Approximately 3,300 delegates and alternates are eligible to attend the DFL city convention May 14, and one of the big questions is: How many will actually show up?
In the hotly contested 2001 DFL city convention, only 981 delegates attended, according to Tim Bonham, the DFL city party treasurer.
In 2001, as in previous city conventions, the delegate pool was chosen the previous year during the presidential endorsement process. Those delegates' interest in city politics may have varied. This year, for the first time, the DFL held a city-specific round of city precinct caucuses in March, giving local candidates a chance to organize their support.
Bonham predicts this year's turnout will be similar to 2001; however, some of his party colleagues believe the new process could result in 2,000-3,000 delegates turning out.
However many show up, a candidate needs 60 percent of their votes to get endorsed.
The stakes May 14 are higher for McLaughlin. He has pledged not to run against an endorsed candidate, a move that typically endears a candidate to the party faithful, who want the process honored. A Rybak endorsement means McLaughlin would bow out.
Rybak has not committed to abide by the endorsement. He said he has spent many nights talking to delegates and respects the process. Yet he also wants respect the hundreds of new politically active people, including students and new immigrants, who don't know the party system.
Both sides are making calls and courting delegates.
A key block is labor.
Kyle Makarios, political director of the Minneapolis Central Labor Union (MCLU), said he knew of 462 delegates with labor ties, or 14 percent of the delegate pool. Those numbers don't count retirees or city police and fire union members, he said.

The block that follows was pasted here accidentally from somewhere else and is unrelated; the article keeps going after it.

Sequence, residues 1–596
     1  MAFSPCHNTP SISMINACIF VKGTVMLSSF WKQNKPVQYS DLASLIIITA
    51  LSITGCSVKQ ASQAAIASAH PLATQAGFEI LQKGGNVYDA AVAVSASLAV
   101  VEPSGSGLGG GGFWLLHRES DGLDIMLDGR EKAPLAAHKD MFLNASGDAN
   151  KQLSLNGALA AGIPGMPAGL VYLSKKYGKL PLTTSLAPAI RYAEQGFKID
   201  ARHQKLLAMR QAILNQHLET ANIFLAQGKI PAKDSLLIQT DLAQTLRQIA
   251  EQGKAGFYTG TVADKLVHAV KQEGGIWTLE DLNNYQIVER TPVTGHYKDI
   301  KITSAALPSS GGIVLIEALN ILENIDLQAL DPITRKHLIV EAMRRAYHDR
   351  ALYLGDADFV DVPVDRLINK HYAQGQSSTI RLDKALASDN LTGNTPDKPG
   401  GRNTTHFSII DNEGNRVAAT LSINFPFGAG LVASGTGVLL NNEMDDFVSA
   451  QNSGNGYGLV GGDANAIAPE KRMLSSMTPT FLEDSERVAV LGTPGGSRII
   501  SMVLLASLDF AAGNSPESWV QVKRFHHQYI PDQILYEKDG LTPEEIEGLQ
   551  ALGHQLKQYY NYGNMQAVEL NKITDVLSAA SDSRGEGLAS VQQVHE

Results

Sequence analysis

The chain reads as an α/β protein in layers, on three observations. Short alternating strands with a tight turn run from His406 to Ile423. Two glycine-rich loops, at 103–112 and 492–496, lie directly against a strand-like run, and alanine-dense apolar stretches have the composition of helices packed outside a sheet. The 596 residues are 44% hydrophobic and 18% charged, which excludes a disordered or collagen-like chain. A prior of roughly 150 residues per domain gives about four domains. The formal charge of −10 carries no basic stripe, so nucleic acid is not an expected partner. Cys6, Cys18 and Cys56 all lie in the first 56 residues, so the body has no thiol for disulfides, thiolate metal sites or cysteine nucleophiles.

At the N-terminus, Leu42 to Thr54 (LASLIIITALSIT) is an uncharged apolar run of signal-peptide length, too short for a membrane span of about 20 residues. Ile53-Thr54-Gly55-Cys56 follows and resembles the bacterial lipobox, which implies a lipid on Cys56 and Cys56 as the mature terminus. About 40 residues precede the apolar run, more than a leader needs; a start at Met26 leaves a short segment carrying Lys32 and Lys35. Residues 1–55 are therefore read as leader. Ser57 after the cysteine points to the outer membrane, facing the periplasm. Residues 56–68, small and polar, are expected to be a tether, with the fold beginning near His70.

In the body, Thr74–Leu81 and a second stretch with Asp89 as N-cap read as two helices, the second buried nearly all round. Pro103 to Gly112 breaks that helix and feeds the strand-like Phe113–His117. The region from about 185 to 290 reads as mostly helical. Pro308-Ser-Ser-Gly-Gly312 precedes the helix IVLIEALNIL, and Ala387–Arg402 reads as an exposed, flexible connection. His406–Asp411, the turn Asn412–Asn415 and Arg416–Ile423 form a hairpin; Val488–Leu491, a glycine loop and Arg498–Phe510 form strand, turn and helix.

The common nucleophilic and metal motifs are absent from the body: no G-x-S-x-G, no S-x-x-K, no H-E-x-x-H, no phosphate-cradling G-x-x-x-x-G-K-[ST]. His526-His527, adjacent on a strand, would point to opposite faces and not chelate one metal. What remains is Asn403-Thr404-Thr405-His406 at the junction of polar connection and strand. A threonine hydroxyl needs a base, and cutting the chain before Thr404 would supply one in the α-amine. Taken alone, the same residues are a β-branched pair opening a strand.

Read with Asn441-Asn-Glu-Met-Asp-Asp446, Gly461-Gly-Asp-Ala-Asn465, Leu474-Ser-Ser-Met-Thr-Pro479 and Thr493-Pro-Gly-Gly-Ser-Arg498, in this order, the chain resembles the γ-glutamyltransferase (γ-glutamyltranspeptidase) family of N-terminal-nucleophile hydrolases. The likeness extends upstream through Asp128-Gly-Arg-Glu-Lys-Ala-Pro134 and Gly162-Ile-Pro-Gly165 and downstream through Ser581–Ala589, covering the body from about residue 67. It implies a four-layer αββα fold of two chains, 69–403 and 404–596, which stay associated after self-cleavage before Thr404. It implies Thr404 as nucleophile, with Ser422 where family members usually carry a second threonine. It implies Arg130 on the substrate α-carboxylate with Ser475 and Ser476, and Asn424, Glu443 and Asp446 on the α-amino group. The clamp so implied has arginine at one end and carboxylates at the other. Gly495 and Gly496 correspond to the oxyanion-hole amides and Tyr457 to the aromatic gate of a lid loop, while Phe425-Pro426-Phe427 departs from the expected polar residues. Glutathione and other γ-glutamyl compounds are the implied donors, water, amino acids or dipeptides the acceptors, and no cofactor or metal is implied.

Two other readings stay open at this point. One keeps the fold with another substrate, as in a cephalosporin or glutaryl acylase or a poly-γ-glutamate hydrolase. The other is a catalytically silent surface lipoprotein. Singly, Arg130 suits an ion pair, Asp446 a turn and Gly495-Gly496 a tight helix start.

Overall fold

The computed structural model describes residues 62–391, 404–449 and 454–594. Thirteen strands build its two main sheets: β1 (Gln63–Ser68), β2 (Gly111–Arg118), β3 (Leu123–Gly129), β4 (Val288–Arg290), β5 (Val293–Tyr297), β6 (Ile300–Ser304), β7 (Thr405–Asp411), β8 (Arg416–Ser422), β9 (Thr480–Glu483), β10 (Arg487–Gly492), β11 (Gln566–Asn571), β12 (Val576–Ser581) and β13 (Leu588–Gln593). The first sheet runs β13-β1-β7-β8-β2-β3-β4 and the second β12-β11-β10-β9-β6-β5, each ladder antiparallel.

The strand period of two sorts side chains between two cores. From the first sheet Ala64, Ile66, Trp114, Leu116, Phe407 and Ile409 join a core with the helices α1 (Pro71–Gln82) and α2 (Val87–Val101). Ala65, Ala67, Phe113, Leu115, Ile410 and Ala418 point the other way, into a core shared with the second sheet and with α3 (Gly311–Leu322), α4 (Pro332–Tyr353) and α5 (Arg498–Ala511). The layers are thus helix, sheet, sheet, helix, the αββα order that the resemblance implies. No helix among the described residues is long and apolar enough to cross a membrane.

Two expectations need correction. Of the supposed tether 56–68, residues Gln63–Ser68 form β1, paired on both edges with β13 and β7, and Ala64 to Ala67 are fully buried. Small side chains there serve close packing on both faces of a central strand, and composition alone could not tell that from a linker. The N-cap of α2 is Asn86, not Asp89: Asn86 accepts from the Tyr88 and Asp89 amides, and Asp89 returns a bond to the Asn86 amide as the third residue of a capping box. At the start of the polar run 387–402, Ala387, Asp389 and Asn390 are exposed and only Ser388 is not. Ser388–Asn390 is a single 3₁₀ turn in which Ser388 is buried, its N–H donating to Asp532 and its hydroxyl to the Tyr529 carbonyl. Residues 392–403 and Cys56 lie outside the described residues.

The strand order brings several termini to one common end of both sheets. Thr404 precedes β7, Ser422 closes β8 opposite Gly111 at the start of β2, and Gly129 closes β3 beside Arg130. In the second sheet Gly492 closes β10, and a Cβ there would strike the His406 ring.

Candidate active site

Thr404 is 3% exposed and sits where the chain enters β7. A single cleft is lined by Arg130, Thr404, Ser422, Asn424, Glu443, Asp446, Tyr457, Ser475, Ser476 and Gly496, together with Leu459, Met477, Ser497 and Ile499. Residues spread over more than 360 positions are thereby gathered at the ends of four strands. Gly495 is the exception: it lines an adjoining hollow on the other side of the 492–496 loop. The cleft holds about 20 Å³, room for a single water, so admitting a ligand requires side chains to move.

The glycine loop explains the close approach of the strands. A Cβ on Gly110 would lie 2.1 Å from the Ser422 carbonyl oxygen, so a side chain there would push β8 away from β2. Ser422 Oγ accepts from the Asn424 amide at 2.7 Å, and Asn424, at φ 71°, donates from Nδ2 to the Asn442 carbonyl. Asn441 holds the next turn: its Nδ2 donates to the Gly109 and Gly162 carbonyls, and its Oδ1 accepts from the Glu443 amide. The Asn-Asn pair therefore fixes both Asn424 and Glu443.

Central Labor will not give its official AFL-CIO endorsement until after the city convention, but some of its member unions have. Jim Niland, political director of McLaughlin-backing AFSCME Council 5, said 140 - 150 union members are delegates.
Teachers also make up a significant block of labor delegates, Makarios said. Both McLaughlin and Rybak have hit youth and education themes.
Education is a safe mayoral issue. The Minneapolis School Board, not the city, runs the schools. As in many other arenas, the mayor has a bully pulpit rather than a policy-and-funding role.
McLaughlin has said he would "make education a top priority" and has criticized Rybak for not taking a more active role.
Rybak notes he chairs the Youth Coordinating Board and helped forge a children and youth agenda. (McLaughlin also is a Youth Coordinating Board member.) Rybak also has endorsements from a number of current and former School Board members, including former Board Chair Catherine Shreves and current Chair Joe Erickson.
Ward "weighting" also will affect the vote. A ward's total delegate slots are based on its Democratic Party votes from past elections. Also, wards with contested 2005 Council races tend to fill more of those slots than wards without real races.
Other factors will affect the outcome. The convention is the same day as fishing opener, which might lure away some delegates.